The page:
Andy Crouch, author of Culture Making developed five questions that can be asked to apply the significance of any cultural artifact we encounter. I’ve found that these five questions force me to slow my emotional responses and to think more objectively about subjects that are initially alien or even offensive to me.
I thought this morning that I’d apply the five questions to the Biblical Manhood/Womanhood Movements that are currently enjoying popularity within Evangelicalism. I’ll confess from the start that I have a low appreciation for these movements and that this will certainly color my responses. So by all means, add your perspective in the comments. My only request, besides the basic call to civility is that your responses are in the form an answer to one of the five questions. Of course, these are my responses to the questions and not Andy Crouch’s.
What do the Biblical Manhood and Womanhood Movements assume about the way the world is?
- That God has designed set roles for men and women that are not bound by culture.
- That these roles are knowable through a careful study of the Bible.
- That the Bible was intended to provide humanity with a comprehensive moral code.
- That many of the problems in our workplace and marriages are a result of society ignoring these roles.
- Moral knowledge is clear and self-evident.
2. What does the Biblical Manhood/Womanhood Movements assume about the way the world should be?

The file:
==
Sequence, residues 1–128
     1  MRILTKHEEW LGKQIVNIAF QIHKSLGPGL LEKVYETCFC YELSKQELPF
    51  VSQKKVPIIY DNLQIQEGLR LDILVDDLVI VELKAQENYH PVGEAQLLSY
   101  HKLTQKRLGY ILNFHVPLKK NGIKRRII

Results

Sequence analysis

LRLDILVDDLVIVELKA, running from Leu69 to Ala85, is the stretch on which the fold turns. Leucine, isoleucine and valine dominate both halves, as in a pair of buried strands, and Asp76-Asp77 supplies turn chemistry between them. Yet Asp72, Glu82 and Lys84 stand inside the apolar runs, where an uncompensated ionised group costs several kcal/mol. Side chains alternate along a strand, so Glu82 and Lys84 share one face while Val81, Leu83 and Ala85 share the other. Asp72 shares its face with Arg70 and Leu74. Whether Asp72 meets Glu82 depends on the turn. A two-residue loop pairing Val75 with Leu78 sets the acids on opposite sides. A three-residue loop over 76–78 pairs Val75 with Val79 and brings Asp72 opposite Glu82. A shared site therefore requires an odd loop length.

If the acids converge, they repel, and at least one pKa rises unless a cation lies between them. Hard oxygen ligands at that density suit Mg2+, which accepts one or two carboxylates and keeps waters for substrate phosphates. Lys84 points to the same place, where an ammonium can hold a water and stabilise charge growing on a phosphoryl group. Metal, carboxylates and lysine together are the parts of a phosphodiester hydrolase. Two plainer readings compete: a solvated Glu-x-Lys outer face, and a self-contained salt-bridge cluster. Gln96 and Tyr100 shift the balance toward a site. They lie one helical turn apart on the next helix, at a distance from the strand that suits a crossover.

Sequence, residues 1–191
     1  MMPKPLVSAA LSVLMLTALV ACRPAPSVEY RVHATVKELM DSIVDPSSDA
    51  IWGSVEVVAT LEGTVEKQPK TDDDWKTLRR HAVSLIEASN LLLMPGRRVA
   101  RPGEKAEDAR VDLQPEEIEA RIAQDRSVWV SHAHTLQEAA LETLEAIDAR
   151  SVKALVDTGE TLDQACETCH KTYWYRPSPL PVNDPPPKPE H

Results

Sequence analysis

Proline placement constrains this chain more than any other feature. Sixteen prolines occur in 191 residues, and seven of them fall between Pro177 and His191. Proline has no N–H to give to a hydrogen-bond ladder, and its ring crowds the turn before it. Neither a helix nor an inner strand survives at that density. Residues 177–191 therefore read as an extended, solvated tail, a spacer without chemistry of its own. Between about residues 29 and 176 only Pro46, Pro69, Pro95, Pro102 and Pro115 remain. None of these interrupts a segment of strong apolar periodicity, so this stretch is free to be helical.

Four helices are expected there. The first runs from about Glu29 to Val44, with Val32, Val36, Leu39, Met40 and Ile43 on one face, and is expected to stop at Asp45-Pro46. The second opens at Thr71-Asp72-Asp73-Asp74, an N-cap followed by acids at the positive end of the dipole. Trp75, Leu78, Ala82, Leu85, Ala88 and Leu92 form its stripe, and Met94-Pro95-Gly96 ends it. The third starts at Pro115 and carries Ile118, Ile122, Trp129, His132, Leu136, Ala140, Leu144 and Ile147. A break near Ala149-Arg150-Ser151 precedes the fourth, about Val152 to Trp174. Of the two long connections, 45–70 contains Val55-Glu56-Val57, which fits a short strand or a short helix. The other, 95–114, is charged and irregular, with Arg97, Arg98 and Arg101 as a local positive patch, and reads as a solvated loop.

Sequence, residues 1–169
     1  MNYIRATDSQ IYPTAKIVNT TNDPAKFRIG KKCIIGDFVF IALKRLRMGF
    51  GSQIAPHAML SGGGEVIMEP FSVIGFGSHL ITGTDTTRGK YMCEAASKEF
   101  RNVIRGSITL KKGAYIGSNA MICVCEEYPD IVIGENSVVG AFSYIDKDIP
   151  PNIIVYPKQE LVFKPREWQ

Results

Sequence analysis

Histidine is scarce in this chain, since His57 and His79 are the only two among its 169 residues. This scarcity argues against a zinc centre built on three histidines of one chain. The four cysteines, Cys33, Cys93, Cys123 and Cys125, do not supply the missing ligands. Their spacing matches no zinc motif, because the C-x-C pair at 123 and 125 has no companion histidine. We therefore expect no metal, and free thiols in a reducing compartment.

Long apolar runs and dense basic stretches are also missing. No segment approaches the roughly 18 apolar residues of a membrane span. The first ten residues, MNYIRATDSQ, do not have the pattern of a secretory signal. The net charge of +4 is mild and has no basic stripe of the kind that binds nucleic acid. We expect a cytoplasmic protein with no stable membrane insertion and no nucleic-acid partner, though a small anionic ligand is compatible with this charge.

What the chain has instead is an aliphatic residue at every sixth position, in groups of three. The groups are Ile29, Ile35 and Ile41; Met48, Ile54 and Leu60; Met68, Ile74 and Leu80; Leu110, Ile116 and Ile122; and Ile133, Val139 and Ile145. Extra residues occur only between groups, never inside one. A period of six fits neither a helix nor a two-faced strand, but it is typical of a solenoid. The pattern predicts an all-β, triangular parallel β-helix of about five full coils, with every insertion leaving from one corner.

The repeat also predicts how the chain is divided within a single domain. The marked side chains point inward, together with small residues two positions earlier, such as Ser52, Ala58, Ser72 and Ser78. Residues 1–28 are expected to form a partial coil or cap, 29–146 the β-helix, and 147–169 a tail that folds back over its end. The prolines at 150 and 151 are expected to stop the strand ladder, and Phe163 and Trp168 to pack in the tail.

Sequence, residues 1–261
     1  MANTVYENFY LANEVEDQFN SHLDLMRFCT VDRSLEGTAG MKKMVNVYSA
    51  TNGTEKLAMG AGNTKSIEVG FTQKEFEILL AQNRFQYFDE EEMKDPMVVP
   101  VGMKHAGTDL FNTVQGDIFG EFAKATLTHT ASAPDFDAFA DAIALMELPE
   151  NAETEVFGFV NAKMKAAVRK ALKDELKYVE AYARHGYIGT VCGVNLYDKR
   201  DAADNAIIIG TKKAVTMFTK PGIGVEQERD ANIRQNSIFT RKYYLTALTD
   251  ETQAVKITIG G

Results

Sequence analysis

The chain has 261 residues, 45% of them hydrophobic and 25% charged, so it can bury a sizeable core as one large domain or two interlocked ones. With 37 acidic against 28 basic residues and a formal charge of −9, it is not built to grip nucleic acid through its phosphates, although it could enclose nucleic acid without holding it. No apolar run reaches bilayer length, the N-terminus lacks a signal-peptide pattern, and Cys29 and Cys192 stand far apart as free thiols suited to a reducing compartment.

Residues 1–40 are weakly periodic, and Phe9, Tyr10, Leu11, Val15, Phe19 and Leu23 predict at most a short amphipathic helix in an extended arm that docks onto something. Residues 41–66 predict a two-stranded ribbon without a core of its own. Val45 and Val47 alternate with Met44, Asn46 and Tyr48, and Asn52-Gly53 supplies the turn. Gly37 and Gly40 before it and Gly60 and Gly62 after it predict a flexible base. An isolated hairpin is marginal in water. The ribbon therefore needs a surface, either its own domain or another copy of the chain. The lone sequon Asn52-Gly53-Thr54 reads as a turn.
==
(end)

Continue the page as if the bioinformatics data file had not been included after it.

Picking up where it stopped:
- Men and women should be eager to subscribe to the prescribed roles.
- Christians everywhere should read the Bible and agree that there are prescribed roles for gender and agree to what those roles are.
- The Bible should be read moralistically.
3. What do the Biblical Manhood/Womanhood Movements make possible?
- They provide scaffolding for men and women who grew up without role models and help them develop their own style for being men and women.
- The reinforcement of patriarchal thinking.
- Bible based rationalization of chauvinism (notice the questions says “make possible” and not “make inevitable.” I’m not calling all complementarianists out as being chauvinists).
- Parallel men’s and women’s ministries.
- Book genres designed to support these ministries.
4. What do the Biblical Manhood/Womanhood movements make impossible (or at least difficult)?
- Women having places to use leadership gifts in meaningful ways in their congregations.
5. What new culture is created in response?
- Biblical egalitarians use the Biblical Manhood/Womenhood movement as a foil against which to form their own positions.
- A dechurched population that views the church as being anti-women.
So have at it, what would you add to this list? Feel free to challenge anything I’ve written. But do so in form of a response to the questions. And remember, this is a sociological look at the issue and not a critique of theology.